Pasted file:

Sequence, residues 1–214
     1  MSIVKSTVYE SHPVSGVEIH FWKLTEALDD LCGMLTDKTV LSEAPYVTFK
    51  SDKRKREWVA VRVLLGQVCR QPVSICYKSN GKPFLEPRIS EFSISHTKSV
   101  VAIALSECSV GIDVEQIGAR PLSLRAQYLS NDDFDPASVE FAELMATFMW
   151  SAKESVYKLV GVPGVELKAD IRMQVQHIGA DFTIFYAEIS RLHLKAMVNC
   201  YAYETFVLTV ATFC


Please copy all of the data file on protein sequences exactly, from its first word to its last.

Sequence, residues 1–214
     1  MSIVKSTVYE SHPVSGVEIH FWKLTEALDD LCGMLTDKTV LSEAPYVTFK
    51  SDKRKREWVA VRVLLGQVCR QPVSICYKSN GKPFLEPRIS EFSISHTKSV
   101  VAIALSECSV GIDVEQIGAR PLSLRAQYLS NDDFDPASVE FAELMATFMW
   151  SAKESVYKLV GVPGVELKAD IRMQVQHIGA DFTIFYAEIS RLHLKAMVNC
   201  YAYETFVLTV ATFC